Diamond claims Saracens were naive over salary cap breach
The champions were handed a 35-point deduction in this season’s Gallagher Premiership and fined £5.36million.
Sale boss Steve Diamond has accused Saracens of being naive for believing they could sidestep salary cap regulations and says they should “take down the integrity and honesty signs” from their Allianz Park home for a year.
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Saracens were handed a 35-point deduction in this season’s Gallagher Premiership and fined £5.36million on Tuesday for breaching salary cap regulations.
Both sanctions will be suspended while the English and European champions – who described the action as “heavy-handed” – appeal against them.
Saracens, who return to Premiership action at Gloucester on Saturday, risked another financial penalty on Wednesday by failing to turn up for the 2019-20 season launch of the Heineken Champions Cup and Challenge Cup in Cardiff.
“It’s a bit naive to think they can get away with it with the processes in place,” Sharks director of rugby Diamond said following the financial findings which apply to the last three seasons.
“If you commit a robbery in the UK you get a rollocking. You may go to prison for six months.
“If you commit two in the same year and the year after and another one the third year, the judge has to say ‘listen there’s a habitual offender here’.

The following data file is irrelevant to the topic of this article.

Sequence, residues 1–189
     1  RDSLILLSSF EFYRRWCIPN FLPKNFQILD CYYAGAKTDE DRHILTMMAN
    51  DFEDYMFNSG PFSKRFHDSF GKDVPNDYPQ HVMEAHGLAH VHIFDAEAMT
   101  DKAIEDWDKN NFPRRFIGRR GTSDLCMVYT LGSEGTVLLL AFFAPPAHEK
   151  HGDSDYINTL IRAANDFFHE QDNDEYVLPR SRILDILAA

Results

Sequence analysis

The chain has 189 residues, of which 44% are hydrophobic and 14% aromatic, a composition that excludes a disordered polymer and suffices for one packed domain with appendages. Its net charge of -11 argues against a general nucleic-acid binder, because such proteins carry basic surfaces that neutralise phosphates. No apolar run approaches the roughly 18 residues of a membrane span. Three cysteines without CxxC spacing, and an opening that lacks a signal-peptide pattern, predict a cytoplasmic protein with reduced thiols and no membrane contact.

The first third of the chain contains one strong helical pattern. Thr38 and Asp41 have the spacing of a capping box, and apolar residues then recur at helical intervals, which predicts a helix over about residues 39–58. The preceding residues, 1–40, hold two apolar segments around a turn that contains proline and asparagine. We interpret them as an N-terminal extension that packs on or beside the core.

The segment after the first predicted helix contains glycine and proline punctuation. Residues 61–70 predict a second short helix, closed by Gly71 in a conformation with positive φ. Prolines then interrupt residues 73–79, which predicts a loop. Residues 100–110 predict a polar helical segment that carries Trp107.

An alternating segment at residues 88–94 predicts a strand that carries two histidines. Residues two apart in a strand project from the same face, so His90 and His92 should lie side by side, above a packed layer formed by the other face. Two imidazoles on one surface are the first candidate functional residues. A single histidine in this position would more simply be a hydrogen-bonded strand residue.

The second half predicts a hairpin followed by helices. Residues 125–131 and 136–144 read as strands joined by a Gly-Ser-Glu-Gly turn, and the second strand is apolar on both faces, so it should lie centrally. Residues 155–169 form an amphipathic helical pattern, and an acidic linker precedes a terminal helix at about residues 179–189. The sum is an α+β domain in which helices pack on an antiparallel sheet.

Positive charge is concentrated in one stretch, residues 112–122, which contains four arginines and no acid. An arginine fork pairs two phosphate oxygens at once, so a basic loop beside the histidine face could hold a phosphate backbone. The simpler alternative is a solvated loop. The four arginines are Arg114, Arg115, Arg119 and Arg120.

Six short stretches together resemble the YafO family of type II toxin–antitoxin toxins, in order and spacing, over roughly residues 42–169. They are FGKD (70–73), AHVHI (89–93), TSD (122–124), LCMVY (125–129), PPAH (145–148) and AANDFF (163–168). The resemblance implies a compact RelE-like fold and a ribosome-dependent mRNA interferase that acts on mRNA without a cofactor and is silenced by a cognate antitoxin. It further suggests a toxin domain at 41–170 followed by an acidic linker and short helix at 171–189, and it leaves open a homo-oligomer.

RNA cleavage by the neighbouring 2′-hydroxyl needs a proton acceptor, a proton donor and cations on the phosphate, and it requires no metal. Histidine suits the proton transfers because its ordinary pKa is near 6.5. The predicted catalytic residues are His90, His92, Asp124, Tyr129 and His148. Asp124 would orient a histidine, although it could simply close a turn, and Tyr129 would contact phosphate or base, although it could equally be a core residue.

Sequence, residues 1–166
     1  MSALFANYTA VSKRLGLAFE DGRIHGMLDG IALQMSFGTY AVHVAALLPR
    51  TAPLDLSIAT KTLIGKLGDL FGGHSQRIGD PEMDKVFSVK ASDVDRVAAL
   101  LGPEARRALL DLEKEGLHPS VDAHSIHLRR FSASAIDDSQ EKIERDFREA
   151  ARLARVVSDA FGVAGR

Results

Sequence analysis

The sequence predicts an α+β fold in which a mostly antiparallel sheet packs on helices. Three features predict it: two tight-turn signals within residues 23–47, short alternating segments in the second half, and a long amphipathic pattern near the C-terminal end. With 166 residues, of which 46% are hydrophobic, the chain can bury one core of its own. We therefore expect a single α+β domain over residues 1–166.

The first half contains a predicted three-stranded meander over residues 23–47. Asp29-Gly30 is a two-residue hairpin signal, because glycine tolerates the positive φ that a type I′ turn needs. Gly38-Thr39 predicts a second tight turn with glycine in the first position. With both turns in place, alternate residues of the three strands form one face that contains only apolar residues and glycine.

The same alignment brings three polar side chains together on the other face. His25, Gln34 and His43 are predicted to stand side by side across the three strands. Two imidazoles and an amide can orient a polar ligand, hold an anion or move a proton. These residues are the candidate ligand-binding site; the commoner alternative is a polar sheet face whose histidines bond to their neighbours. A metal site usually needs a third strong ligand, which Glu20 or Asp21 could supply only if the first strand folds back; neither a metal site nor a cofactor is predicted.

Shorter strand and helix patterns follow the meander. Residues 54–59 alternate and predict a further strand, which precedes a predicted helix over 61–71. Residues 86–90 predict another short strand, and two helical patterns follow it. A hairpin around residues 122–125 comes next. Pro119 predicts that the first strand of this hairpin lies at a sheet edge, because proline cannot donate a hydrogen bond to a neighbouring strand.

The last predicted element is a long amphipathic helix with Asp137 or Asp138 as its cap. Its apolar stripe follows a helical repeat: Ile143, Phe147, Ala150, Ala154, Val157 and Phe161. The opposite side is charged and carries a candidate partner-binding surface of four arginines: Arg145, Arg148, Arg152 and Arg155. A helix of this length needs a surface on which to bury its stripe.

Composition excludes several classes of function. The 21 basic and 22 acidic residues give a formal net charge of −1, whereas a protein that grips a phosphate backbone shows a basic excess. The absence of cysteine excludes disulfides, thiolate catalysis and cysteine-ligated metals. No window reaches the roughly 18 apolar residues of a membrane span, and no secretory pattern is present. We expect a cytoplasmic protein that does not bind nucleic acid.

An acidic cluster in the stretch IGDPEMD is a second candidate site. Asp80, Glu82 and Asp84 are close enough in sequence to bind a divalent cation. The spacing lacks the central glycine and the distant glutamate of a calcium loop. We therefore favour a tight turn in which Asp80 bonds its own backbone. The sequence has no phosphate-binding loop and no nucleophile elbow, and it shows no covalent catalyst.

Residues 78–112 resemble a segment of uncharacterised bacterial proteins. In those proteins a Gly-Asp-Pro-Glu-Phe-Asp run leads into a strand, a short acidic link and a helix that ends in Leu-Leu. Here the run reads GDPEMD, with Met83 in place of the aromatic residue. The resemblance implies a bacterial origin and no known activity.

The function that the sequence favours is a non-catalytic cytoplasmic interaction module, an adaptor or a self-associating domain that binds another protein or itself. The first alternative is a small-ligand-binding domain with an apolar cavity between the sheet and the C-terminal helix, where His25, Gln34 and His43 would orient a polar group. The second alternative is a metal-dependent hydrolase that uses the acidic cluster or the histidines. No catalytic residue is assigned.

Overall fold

“If you don’t give him a substantial penalty he’s going to keep doing it. I think that’s what they’ve done.
“You’ve got to stop them doing it and we can’t keep letting inflation go through the roof.”
It’s for the good of the game because if it’s not stopped the game will bankrupt itself Steve Diamond
Diamond spent over two years in charge of Saracens before being sacked in February 2006.
He says he has taken Sale into European competition in four out of eight seasons on “50 per cent of what Saracens have”, and with 34 players in his squad compared to 48 in others.
“There’s got to be a punishment to make them stop doing it. And it’s not about them and us – the other 11 clubs pointing the cross-hairs at them.
“It’s for the good of the game because if it’s not stopped the game will bankrupt itself.
“If they have got it wrong you face the music, take your medicine and get on with it.
“What they’ve done in the past is done and maybe they should take down the integrity and honesty signs from the stadium for a year.”
Diamond insists, however, that the episode will not cause lasting damage to English rugby.
“We’ve got CVC (Capital Partners), the investors, which will help the sport grow with broadcasting rights,” Diamond said.
“I don’t think what’s happened will be a stain on that. These huge capitalists don’t buy into businesses that are run corruptly.
“The sport will grow with England making the World Cup final.”